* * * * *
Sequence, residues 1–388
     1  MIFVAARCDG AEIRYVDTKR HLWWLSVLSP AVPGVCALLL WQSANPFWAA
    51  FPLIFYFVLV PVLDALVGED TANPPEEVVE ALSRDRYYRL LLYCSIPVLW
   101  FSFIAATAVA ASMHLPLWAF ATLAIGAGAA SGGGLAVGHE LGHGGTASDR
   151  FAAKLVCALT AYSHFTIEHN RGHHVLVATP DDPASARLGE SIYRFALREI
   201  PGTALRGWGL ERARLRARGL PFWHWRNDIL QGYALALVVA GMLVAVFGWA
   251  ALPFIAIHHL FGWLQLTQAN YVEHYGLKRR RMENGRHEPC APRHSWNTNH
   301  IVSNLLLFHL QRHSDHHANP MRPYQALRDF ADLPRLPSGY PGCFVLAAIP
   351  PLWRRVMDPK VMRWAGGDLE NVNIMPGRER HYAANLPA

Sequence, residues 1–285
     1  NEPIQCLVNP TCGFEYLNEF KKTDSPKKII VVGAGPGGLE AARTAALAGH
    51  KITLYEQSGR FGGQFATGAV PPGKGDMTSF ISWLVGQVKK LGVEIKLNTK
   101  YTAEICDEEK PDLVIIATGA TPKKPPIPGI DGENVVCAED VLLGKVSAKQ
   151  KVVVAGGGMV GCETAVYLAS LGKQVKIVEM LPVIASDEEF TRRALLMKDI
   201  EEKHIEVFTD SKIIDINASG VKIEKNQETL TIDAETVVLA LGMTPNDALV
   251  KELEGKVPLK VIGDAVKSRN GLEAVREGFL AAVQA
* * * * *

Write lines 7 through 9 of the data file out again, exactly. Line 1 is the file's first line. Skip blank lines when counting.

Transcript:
   251  ALPFIAIHHL FGWLQLTQAN YVEHYGLKRR RMENGRHEPC APRHSWNTNH
   301  IVSNLLLFHL QRHSDHHANP MRPYQALRDF ADLPRLPSGY PGCFVLAAIP
   351  PLWRRVMDPK VMRWAGGDLE NVNIMPGRER HYAANLPA